The long-range goal of this research is to identify and characterize natural agents that can effectively prevent type 2 diabetes (T2D). T2D is a result of chronic insulin resistance and loss of ?-cell mass and function. Therefore, a method to simultaneously prevent insulin resistance and protect functional ?-cell mass could be a more effective strategy to prevent T2D. We discovered for the first time that genistein, an isoflavone present in soybean and some Chinese herbs, directly protect pancreatic ?-cells from apoptosis and ameliorates hyperglycemia without affecting insulin sensitivity in diabetic mice, while kaempferol, a flavonol present in gingko biloba, improves insulin sensitivity and glucose homeostasis in obese mice. Notably, genistein in combination with kaempferol produces a potent additive effect on blood glycemic control in middle-aged obese diabetic mice. We used mice at this age because T2D usually occurs at middle and older age in humans. These exciting findings demonstrate a great potential for using these natural compounds to effectively prevent T2D. The goal of this application is to determine molecular mechanisms by which genistein and kaempferol exert an anti-diabetic effect. The central hypothesis of this grant is that dietary intae of both genistein and kaempferol simultaneously preserves functional ?-cell mass and improves insulin sensitivity, thereby exerting the additive effect in preventing T2D.
Aim #1 will determine whether genistein protects against ?-cell apoptosis through the G-protein coupled receptor GPR30-mediated activation of G?s, and subsequent stimulation of the cAMP/PKA/CREB and PI3K/Akt pathways. Isolated mouse and human islets will be used to identify the signaling molecules targeted by genistein. Specifically, GPR30-deficient mice and genetic and pharmacological probes will be utilized to explore whether these pathways mediate the anti-apoptotic action of genistein in ?-cells.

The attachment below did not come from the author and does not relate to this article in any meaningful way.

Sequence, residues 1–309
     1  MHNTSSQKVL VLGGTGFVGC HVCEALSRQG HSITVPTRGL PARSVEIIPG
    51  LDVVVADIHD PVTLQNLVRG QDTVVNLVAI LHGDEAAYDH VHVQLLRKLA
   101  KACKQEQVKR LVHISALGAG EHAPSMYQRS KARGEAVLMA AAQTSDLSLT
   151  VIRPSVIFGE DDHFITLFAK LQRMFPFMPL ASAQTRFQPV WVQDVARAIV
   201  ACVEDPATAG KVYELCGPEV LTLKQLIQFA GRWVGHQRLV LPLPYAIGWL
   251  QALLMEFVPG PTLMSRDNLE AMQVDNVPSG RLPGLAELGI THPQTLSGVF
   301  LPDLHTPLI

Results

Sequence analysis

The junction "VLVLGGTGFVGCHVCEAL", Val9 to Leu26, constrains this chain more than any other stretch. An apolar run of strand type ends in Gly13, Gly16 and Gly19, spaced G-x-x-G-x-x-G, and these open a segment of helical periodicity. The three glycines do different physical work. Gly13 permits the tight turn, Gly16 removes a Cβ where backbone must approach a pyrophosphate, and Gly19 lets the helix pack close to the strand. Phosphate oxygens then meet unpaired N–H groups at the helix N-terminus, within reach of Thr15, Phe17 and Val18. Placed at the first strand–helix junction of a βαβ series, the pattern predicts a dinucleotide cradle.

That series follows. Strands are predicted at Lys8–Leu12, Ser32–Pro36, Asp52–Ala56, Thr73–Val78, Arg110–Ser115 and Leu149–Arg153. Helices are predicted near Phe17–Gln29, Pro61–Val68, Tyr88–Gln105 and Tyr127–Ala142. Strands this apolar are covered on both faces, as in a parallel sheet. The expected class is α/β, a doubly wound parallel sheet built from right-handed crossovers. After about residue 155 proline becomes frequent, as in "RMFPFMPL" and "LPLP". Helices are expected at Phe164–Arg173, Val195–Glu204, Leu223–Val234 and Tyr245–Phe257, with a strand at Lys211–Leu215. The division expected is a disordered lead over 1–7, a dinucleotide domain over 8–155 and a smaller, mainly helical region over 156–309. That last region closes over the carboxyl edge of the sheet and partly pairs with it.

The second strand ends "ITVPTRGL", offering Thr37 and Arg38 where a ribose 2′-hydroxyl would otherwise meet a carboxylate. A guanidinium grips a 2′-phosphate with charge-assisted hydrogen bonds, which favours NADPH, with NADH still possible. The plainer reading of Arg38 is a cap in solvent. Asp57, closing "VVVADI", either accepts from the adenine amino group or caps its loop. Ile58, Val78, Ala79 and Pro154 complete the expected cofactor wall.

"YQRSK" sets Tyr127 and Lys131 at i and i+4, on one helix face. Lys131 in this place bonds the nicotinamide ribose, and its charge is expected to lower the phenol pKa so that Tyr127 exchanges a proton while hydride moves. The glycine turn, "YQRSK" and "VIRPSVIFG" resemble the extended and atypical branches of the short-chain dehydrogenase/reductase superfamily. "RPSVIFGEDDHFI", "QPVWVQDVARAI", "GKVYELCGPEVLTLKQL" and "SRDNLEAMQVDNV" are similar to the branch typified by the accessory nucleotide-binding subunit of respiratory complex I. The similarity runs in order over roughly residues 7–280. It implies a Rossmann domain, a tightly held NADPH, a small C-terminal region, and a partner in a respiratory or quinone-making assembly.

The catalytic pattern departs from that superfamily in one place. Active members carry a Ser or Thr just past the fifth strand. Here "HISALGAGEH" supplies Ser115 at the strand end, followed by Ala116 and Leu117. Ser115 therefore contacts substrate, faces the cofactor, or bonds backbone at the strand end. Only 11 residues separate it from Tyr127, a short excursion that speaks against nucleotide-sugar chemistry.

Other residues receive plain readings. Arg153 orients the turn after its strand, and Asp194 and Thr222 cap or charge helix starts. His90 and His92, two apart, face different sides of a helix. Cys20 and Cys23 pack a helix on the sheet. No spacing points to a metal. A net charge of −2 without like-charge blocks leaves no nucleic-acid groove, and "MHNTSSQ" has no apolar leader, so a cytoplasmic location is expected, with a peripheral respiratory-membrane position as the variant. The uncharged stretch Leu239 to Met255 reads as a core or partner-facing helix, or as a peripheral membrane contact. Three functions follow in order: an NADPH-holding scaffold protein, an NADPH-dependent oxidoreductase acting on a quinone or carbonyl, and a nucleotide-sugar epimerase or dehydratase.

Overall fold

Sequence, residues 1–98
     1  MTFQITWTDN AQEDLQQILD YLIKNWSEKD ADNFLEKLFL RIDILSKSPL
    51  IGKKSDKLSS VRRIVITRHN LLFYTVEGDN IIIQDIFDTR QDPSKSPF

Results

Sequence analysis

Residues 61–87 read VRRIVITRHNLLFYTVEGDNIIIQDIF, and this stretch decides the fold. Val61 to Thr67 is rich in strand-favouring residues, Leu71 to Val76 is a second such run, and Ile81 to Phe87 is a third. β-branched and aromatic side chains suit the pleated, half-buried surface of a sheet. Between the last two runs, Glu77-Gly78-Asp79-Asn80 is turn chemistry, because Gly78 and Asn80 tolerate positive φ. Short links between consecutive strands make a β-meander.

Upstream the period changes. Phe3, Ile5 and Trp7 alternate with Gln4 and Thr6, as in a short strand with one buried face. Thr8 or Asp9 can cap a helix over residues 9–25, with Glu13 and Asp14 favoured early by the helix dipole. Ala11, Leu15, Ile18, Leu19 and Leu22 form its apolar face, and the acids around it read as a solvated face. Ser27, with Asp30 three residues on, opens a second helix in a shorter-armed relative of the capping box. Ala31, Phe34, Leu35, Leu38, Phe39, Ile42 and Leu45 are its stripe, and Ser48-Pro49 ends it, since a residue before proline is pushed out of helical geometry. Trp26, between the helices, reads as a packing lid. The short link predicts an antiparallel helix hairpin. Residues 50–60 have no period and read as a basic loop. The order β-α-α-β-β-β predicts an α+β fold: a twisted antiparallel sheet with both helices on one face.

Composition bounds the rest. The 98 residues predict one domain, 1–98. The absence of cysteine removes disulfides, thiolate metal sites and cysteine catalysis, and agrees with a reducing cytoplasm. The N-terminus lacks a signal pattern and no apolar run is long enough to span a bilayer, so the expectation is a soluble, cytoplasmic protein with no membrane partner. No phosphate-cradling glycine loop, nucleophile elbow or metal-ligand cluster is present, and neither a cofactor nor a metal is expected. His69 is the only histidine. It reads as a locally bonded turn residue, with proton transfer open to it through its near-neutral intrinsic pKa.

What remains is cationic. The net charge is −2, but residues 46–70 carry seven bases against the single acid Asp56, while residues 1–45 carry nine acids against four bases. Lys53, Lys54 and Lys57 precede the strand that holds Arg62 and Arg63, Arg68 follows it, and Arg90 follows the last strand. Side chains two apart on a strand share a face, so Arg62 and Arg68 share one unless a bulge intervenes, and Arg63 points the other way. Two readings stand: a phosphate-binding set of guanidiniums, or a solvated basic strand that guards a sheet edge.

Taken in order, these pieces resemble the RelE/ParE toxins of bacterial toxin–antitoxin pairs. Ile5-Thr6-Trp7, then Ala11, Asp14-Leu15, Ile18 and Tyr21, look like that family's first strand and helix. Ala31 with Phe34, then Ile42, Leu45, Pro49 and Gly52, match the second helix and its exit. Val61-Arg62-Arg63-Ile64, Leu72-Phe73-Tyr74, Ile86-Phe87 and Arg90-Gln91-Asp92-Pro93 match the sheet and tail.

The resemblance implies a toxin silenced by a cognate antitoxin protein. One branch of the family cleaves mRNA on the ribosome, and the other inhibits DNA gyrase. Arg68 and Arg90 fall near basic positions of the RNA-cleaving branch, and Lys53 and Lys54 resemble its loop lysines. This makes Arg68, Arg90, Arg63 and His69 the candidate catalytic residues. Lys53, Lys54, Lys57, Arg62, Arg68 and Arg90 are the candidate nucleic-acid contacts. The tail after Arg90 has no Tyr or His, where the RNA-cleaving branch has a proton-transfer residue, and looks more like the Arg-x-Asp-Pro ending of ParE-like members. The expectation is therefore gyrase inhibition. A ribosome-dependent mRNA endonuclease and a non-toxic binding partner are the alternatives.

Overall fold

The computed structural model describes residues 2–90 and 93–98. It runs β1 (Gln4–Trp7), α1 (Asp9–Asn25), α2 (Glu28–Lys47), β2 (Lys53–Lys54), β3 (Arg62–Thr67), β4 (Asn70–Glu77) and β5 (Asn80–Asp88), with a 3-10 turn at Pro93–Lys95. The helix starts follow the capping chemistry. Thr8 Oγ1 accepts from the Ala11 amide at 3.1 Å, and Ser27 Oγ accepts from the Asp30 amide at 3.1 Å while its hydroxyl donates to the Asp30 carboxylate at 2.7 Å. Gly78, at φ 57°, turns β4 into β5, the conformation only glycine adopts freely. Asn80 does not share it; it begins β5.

Aim #2 will explore the effects of genistein, kaempferol, or a combination of both on pancreatic beta-cell function, energy metabolism, and insulin sensitivity as well as the underlying molecular mechanisms for these actions in vivo. We will first use GPR30-deificent diabetic mice to determine whether genistein improves glucose homeostasis and ?-cell survival and mass via this receptor. We will then test whether kaempferol promotes energy metabolism and insulin sensitivity and whether these effects are mediated via activation of AMPK??, a master regulator of cellular energy homeostasis and potential therapeutic target for T2D. Completion of this grant is expected to define novel mechanisms by which genistein and kaempferol exert the anti-diabetic effects, which may potentially lead to the development of complementary or alternative (CAM) strategies using these low-cost natural compounds for the prevention of diabetes, a major and growing public health problem in the U.S. and worldwide.

Public Health Relevance

Diabetes mellitus is a growing health problem, which presently affects 23.6 million or 7.8% of the American population, and this number is projected to double by 2025. Loss of insulin secreting ?-cell mass through apoptosis is central to the development of both type 1 and type 2 diabetes. The results of this research, which is aimed at identifying and characterizing natural agents that are capable of protecting ?-cells from death, may allow us to develop low-cost alternative treatment for this disease.

National Institute of Health (NIH)
National Center for Complementary & Alternative Medicine (NCCAM)
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Special Emphasis Panel (ZAT1-SM (24))
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Hopp, Craig
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Virginia Polytechnic Institute and State University
Schools of Earth Sciences/Natur
United States
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